by Jo Nova, July 19, 2018 in JoNova
Remarkably, some Japanese families kept weather record diaries in the 1700 and 1800s, and some for as long as 150 years. The connections they reveal are tantalizing but so incomplete. We are trying to fish out primitive signals from murky water. The Sun turns around on itself every 27 days, so these researchers are looking for repeating patterns in lightning that fit, but the poles of the sun spin slower than the equator and the sun spots can take their own time. Hence, it’s not a neat “27″ days.
During periods of high solar activity, they found regular peaks in lightning activity with the right timing, from May to September when the cold Siberian air mass is not so influential.
Other studies we’ve discussed here have investigated long solar cycles on the 11 year or 200 year scales ….
by NASA, July 18, 2018 in SpaceWeather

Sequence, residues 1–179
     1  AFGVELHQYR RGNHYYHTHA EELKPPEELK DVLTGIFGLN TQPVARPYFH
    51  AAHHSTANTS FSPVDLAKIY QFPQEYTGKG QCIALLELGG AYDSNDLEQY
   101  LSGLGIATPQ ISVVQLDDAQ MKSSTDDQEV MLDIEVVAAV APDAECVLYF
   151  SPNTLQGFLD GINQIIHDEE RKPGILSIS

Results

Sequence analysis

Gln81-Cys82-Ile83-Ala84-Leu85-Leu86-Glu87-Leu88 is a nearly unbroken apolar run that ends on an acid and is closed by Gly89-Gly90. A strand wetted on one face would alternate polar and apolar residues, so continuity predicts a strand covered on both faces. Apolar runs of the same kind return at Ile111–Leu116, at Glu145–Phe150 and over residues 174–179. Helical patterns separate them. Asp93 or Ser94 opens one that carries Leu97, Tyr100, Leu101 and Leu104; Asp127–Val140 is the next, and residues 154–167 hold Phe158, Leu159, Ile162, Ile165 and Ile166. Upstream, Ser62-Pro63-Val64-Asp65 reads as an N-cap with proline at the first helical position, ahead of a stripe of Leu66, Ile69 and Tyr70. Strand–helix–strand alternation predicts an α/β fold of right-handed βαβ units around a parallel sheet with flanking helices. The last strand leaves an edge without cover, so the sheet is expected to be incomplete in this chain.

The sun has been blank for 21 days–3 whole weeks without sunspots. To find an equal number of consecutive spotless days in the historical record, you have to go back to July-August 2009 when the sun was emerging from an unusually deep solar minimum. Solar minimum, welcome back!
by Willis Eschenbach, July 16, 2018 in WUWT
Sometimes a chance comment sets off a whole chain of investigation. Somewhere recently, in passing I noted the idea of the slope of the temperature gradient across the Pacific along the Equator. So I decided to take a look at it. Here is the area that I examined.
I’ve written about this temperature gradient before, in a post called The Tao of El Nino. If you take time to read that post, this one will make more sense. …
by David Archibald, July 6, 2018 in WUWT